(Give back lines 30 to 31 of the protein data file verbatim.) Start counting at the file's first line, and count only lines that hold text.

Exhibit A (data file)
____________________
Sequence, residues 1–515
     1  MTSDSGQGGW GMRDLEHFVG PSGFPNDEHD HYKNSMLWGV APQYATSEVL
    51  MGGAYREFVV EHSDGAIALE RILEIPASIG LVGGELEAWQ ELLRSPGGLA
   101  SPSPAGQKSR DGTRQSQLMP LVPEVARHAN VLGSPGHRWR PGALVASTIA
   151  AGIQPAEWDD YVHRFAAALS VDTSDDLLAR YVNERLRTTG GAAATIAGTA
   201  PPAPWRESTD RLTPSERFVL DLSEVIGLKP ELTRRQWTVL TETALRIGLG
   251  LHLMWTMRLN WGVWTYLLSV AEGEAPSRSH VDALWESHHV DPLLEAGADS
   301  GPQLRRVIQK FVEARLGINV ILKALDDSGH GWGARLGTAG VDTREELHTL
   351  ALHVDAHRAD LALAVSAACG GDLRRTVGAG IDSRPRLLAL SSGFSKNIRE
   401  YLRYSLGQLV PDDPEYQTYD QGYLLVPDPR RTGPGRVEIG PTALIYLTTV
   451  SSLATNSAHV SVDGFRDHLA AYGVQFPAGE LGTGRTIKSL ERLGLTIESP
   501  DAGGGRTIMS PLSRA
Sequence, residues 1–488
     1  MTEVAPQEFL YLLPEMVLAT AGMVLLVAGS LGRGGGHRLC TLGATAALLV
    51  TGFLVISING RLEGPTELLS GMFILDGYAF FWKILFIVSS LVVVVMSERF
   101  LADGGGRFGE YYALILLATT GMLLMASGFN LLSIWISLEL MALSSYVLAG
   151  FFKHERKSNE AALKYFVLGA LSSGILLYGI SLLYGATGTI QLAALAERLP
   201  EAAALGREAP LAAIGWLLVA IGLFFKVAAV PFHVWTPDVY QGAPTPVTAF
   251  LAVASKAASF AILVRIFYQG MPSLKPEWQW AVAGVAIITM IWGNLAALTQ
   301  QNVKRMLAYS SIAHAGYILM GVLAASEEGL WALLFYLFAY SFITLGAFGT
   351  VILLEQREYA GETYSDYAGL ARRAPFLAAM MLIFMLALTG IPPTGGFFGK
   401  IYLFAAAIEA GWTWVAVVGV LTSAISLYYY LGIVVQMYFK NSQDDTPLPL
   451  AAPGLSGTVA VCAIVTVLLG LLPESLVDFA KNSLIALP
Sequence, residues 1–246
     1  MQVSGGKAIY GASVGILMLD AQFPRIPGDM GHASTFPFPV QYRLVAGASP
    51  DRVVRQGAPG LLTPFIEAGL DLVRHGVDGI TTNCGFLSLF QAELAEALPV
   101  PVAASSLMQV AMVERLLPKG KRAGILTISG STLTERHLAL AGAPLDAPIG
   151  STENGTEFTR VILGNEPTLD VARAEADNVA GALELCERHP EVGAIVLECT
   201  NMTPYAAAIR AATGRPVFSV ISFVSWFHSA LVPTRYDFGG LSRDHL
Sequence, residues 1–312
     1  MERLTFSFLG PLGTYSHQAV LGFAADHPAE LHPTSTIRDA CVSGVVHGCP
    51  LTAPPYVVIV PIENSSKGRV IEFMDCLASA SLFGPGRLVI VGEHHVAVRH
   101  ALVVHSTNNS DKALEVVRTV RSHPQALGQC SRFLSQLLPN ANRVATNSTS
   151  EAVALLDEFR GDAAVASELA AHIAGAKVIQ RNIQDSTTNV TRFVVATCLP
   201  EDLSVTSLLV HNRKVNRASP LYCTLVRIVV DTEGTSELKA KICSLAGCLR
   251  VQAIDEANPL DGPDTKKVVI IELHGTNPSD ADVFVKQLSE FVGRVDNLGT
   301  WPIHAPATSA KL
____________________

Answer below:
Sequence, residues 1–312
     1  MERLTFSFLG PLGTYSHQAV LGFAADHPAE LHPTSTIRDA CVSGVVHGCP